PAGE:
Suddenly she was pretended back by a sidewalk smell-a little bakery--back into her little-girl time, her one birthday party, when in 1940? when she got her beautiful scarf?
"Thank you," she kept saying to every passing faceblur's "Happy birthday," or something, saying to her or something like it and she waved at goersby.
"Careful," she said to a sweet little red fireplugish girlperson on a corner, "yes, I see you holding your arms out," patting the burning hot, short, little metal girl on her heated-in-the-sun bolt head, "that's a very pretty little red dress, I'm afraid you have a fever honey, but don't try crossing the street by yourself ."
And to a very red-faced firealarmish ironish man, "Your sunburn'll get worse out here, but thank you for coming to my party," she said, "looking so nice today," smiling and waving, her golden slipper footsteps now pirouetting to follow each one passing, having fun, "how are you? so nice to see you," them all passing her all in a quick bunch, "Oh, I love that tie," she said to a green blur, "And your yellow dress," to a passing yellowish blob. It was nice making people feel good on her birthday.
Her curly gray hair, bounced, as her thin little raggedy gold lemay slippers with prominent bony bunions showing through their thin fabric danced the dirty 7th st. pavement.
Suddenly she stopped, who was that? Someone smiling a beautiful warm birthday smile at her with a pretty tinsley flash of orange?
She walked toward the smile; and as she got closer, the orange thing focused for the first time today into a wonderful person, a friend, short like her, also wearing exactly the same long orange scarf as she was. "Oh, hello!" she said, "that's a really beautiful orange scarf, it looks a lot like mine. You know I got mine for my birthday so long ago I didn't think that anybody else… ." and then, very close to the mirror reflection, she suddenly stopped, put her hand over her mouth in terrible recognition, letting out a frightened gasp, "Oh…it is mine. It's me. It's not nothing but Arava fooling me in the mirror… ."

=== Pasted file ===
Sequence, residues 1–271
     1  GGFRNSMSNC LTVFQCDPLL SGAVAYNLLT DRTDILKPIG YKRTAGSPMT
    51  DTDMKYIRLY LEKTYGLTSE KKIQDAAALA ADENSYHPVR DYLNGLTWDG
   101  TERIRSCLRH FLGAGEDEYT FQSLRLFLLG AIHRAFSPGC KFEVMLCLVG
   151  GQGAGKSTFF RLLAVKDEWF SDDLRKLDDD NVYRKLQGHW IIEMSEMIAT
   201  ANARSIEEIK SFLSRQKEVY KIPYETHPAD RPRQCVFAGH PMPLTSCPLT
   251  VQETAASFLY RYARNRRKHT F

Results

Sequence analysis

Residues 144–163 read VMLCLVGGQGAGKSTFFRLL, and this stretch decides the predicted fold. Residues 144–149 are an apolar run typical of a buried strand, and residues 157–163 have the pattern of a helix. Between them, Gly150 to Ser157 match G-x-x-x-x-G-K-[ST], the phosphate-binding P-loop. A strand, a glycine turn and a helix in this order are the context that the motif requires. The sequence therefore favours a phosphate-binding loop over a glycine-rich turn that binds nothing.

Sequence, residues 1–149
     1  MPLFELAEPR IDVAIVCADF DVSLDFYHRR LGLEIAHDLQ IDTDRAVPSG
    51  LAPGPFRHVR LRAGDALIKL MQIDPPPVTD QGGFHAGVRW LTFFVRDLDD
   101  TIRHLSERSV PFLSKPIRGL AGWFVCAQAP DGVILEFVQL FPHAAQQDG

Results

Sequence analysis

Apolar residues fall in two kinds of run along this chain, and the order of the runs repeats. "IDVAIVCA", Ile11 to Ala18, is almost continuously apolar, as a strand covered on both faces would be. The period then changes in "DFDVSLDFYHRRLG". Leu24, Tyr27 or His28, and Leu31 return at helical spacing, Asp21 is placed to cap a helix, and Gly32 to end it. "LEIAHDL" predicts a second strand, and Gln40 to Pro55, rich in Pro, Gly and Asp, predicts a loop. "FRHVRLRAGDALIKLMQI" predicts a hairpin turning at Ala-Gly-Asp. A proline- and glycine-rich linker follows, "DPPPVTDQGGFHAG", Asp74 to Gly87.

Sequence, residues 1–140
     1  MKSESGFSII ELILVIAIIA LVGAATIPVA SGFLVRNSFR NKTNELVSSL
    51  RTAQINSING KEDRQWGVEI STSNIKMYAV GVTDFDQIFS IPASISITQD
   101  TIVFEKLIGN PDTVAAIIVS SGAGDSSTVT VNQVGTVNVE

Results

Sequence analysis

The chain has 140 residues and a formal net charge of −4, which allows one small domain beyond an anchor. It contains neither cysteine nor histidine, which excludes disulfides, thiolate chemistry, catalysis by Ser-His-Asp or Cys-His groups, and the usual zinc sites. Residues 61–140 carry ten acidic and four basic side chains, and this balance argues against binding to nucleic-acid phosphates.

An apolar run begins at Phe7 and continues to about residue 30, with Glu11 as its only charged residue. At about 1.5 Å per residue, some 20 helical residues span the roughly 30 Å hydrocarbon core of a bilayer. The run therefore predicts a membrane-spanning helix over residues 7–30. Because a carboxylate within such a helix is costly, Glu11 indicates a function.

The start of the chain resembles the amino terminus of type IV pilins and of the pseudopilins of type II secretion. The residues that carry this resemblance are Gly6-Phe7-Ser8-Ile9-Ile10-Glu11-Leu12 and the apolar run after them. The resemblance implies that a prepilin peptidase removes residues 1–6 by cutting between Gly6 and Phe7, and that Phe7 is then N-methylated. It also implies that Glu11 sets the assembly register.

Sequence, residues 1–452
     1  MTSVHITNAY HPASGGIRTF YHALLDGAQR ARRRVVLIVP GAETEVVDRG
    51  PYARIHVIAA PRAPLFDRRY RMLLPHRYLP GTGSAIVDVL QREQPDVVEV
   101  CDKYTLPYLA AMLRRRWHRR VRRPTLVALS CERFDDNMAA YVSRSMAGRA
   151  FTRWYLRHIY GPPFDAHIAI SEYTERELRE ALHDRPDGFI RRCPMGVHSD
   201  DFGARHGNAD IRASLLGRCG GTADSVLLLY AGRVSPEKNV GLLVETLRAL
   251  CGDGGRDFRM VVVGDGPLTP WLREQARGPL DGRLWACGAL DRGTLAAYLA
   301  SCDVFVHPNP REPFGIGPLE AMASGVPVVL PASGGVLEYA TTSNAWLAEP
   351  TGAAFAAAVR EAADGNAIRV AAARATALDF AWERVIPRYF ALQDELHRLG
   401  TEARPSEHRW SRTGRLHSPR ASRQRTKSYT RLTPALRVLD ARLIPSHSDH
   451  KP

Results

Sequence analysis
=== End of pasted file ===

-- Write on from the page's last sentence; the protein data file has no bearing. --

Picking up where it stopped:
She looked for a long terrible moment…"If this is just me, then all my friends this morning, even my birthday," trying to make some panicky sort-outs, was her brain really just so nutty? shook her head several times, "it's just mine, I'm seeing things" she began shaking and crying terrified tears. "Am I just alone anyways? Oh holy Mary, please help me, I'm so scared of going crazy."
Pierrino Mascarino has published in The Linnet's Wings, The Beat, Bartleby Snopes, Darkest Before Dawn, Dry Bones Anthology, currently in Black Lantern, Hackwriters. Has published the print quarterly Invertebrata, the instructional novella, My Aunt Rose, played the title role in the award winning movie, Uncle Nino, has appeared on National Television over 6000 times, won the Dramalogue Award in Los Angeles twice, and lettered in football at St. Anthony's Grammar School in Atlanta GA in 1952.